Hi Z! Thanks for sharing your dinner invitation experience to a Japanese household - which sounded wonderful except the bit where the woman ate in a separate room. Absolutely fascinating!
Dear N, what a super article! I love Japanese food and cinema. I like wagashi very much. In fact, there is a wonderful Japanese pastry shop in Manhattan (5th Avenue and 49th, I think) and London. I cannot remember the name. Another excellent place is Toraya at 71st Street near Madison Avenue. Their wagashi are a work of art.

I also loved the restaurant in Paris, where we went together.
Have a great weekend, darling!
Darling V! I am glad to know that you love wagashi too.
Yes there are a few good places in London and here too.
Hope you have a great weekend too.

I had a friend in high school whose parents were from two very dissimilar backgrounds: dad was part Hawaiian and part Japanese, and mom was really really Irish. (I loved going to her house for supper because the craziest combinations of these cultures would occur on their supper table.)

One Japanese food that got served frequently there was a oyakodon dish, which always made me think of a kind of savory porridge. Her dad made it with rice and egg, with peas and chicken. Well, sometimes he made this pork version of that, but all the kids seemed to prefer chicken. Pickled ginger was something he served that I never could wrap my brain around. Even the smell of it makes me cringe. But boy did he eat it a lot. I'm keen on dressed up tofu dishes, which is thankfully easy to find at the more traditional family-style restaraunts (but which are vanishing in this day and age of corporate brand chain eateries in the US.) And miso. Mmmmmm, that is my biggest comfort food. Any soup made from red or darker misos is inarguably delicious.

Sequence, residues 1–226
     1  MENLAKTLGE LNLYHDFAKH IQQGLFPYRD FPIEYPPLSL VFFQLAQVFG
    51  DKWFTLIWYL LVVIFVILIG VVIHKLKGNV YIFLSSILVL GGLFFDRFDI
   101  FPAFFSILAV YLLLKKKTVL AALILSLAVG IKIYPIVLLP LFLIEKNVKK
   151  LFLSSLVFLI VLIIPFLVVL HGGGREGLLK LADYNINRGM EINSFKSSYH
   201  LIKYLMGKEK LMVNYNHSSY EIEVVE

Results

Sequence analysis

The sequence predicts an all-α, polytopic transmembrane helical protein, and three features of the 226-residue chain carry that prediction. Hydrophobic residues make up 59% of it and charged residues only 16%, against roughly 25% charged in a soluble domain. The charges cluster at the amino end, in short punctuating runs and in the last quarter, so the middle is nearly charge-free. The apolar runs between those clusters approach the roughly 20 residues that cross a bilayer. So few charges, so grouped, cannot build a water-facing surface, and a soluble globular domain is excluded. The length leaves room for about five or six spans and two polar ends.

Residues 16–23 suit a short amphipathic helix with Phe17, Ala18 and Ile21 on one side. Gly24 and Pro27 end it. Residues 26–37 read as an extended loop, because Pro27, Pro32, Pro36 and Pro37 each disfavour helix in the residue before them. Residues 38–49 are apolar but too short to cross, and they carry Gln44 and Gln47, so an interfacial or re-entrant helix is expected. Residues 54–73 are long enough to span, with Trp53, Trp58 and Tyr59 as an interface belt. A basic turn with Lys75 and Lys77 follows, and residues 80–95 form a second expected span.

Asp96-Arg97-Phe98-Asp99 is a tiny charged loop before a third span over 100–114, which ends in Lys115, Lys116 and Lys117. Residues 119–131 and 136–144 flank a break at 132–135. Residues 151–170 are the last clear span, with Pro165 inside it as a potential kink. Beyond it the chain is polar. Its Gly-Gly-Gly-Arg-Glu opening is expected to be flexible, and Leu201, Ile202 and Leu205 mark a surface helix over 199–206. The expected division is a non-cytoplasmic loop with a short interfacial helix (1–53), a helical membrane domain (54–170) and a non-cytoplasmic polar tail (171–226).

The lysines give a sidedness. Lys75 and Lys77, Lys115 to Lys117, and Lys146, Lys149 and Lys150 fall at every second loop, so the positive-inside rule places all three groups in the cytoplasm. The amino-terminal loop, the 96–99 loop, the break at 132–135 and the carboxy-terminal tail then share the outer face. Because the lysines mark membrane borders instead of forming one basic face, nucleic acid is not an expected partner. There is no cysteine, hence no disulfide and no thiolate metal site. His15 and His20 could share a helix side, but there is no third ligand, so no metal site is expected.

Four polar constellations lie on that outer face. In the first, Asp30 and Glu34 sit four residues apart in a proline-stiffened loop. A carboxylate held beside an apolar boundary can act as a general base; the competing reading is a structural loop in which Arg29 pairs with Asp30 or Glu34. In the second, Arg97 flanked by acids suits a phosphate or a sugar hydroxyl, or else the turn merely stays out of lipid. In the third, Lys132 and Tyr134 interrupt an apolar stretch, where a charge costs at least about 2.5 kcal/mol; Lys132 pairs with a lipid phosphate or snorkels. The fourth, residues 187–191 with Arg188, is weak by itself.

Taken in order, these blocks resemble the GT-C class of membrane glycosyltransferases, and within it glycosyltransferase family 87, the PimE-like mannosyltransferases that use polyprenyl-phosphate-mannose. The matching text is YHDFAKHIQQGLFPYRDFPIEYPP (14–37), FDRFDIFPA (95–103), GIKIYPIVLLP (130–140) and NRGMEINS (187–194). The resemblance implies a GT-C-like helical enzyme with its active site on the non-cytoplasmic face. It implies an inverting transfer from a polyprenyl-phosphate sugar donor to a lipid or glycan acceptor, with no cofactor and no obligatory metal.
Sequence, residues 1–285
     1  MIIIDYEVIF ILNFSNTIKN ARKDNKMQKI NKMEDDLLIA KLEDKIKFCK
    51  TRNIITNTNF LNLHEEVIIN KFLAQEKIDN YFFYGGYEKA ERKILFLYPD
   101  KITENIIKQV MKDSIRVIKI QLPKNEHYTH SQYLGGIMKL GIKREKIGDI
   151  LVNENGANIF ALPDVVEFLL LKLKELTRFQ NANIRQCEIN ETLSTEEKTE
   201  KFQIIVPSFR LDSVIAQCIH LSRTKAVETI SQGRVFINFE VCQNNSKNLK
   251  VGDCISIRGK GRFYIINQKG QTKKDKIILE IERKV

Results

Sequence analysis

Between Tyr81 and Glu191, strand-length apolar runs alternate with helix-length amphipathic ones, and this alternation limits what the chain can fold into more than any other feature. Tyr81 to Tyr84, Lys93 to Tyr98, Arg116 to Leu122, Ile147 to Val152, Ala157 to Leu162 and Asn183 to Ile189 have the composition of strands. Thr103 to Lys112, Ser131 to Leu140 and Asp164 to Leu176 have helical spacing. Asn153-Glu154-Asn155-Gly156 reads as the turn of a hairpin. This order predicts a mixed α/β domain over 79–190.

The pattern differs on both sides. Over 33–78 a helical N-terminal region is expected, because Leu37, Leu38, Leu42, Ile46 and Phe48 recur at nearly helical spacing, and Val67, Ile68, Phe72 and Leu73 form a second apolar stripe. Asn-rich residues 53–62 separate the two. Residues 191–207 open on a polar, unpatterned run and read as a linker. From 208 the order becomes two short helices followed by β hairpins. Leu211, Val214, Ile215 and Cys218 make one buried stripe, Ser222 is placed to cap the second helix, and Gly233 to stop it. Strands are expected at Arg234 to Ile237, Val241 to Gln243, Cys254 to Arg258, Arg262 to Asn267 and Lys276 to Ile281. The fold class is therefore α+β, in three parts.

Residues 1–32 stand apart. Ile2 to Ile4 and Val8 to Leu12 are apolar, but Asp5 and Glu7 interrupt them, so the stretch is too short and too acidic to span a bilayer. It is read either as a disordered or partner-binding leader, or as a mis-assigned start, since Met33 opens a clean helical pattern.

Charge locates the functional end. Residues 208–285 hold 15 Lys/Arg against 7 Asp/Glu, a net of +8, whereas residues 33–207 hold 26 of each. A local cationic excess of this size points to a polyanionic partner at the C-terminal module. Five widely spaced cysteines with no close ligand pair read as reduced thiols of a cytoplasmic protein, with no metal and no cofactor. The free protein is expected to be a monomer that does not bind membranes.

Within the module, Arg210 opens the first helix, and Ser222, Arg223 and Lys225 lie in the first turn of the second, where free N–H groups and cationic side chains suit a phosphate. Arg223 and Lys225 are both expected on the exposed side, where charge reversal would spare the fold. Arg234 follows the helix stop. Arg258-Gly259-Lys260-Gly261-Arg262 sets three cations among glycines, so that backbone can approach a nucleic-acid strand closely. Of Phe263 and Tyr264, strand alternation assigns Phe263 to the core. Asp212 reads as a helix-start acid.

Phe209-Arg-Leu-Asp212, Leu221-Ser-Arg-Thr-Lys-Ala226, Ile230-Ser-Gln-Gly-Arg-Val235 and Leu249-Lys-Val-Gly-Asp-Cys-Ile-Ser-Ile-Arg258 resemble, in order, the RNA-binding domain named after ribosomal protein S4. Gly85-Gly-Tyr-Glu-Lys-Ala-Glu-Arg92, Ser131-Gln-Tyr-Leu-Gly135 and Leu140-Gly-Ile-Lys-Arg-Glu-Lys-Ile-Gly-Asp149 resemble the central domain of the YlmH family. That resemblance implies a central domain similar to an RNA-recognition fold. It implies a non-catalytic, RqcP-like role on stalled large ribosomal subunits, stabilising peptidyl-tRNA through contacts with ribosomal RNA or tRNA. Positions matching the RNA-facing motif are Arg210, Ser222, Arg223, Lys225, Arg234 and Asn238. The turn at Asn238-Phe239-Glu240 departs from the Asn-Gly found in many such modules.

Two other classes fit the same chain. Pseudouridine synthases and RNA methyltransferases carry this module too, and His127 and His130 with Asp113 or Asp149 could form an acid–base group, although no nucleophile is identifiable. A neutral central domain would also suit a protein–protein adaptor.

Hello K! That must have been fun. I am actually not crazy about the dish you described.
Love tofu too and Miso!

Yum, Japanese food and tea. And Unagi! I could eat broiled eel over rice every day for weeks. In fact, once I did. I expected to get sick of it. Nope.

I love hojicha, and I especially love genmaicha, the green tea with the toasted rice in it. Such a comfort drink, a pleasing earthy warm flavor, almost like broth instead of tea.

There was a great article in a recent Gourmet magazine too about the Japanese pottery tradition. They sure do have a fantastic aesthetic sense.

Will and I were just talking the other day about how odd it is that Japanese and Chinese foods are so different. Japan seems to be the only place in East Asia that has been largely unaffected by Chinese cuisine. In fact, the Chinese tend to view eating raw foods as utterly barbaric. They'll wince at a rare steak, let alone a platter of entirely raw flesh! Thank goodness, I have overcome that taboo.
Hi T - I am so glad you love Japanese cuisine, tea, pottery etc. too. I agree with Will and you, Chinese cuisine is indeed different but I really love that too. About raw foods - I think one can actually get addicted. When I first tasted sashimi over a decade and a half ago - I thought i would really dislike it but it was love at first bite!

Post a Comment

<< Home

This page is powered by Blogger. Isn't yours?